GDPR allows crooks to perform new phishing scams, get tips to avoid it

by Ugnius Kiguolis - -

Criminals send GDPR-themed phishing emails

GDPR phishing scam

Despite the good intentions, General Data Protection Regulation (GDPR) has created new opportunities for the criminals to generate illegal profits[1]. Cybersecurity researchers have detected a new phishing attack which targets to steal sensitive data from novice computer users.

GDPR-themed emails have been sent to a vast of people. Unfortunately, most of them have fallen for the scam and gave up personal information:

  • Logins and passwords;
  • Names;
  • Credentials;
  • Addresses, etc.

Most recent GDPR phishing attack was reported at NatWest bank when customers received emails supposedly coming from the financial institution[2]. Since now almost every company is informing about the changes in Privacy Policies, it is easy to be tricked into giving private data.

Now, the most common GDPR scam technique contains questions whether the user wants to continue receiving notifications from the company[3]. And if they do, they must update their records by filling the necessary information. As a result, crooks are provided with numerous sensitive information for further attacks.

GDPR scam targets Airbnb users and impersonates other tech giants

Cybersecurity experts from Redscan have detected a phishing attack on Airbnb users which also includes GDPR-themed emails. The letter informs the users about recent changes in the Privacy laws due to the upcoming GDPR. 

Airbnb spam messages include this or similar text in GDPR phishing attack[4]:

This update is mandatory because of the new changes in the EU Digital privacy legislation that acts upon United States-based companies, like Airbnb to protect European citizens and companies.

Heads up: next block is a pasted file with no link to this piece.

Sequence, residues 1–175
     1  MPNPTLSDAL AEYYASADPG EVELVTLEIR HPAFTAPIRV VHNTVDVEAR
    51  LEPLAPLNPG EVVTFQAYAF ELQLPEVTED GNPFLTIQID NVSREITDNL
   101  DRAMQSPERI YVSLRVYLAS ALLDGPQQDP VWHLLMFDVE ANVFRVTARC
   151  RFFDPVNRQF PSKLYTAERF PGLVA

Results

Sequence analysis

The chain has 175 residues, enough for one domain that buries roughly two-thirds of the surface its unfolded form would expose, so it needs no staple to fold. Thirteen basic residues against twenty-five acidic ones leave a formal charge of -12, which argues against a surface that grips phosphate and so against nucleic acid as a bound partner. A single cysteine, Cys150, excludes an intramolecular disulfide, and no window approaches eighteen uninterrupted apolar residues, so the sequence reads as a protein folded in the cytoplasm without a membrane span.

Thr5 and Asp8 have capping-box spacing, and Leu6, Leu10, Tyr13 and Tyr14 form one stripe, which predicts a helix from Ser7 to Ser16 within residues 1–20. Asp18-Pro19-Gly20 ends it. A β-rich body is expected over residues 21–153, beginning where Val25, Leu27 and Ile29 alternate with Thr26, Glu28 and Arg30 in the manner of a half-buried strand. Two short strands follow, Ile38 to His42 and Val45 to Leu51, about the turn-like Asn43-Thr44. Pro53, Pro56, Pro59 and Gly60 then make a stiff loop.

Hosts on Airbnb are informed that they will be unable to accept guests and booking until they accept the new regulations. To complete that they are encouraged to fill the forms which require personal information. 

Criminals are using the remarkably similar domain as the legitimate Airbnb to trick people into giving sensitive data. The original domain appears as @airbnb.com while hackers employed small changes and used @mail.airbnb.work for phishing[5]

Even though there are no reliable reports about other attacks, experts believe that cybercriminals might be targeting other tech giants as well. Thus, people are advised to be cautious as legitimate GDPR emails do NOT ask for any personal data.

Tips to protect from GDPR scam

Keep in mind that GDPR phishing scams and the number of malicious emails will only increase in the future. Therefore, we advise following these tips to protect your personal information:

  1. Do not open emails sent from unknown people or companies;
  2. Do not click on links which might be potentially dangerous;
  3. Do not fill your personal details even if you are asked before making sure that it is official;
  4. Always use a professional antivirus and update it along with your OS to avoid spyware.

About the author

Ugnius Kiguolis
Ugnius Kiguolis - The mastermind

Ugnius Kiguolis is a professional malware analyst who is also the founder and the owner of 2-Spyware. At the moment, he takes over as Editor-in-chief.

Contact Ugnius Kiguolis
About the company Esolutions

References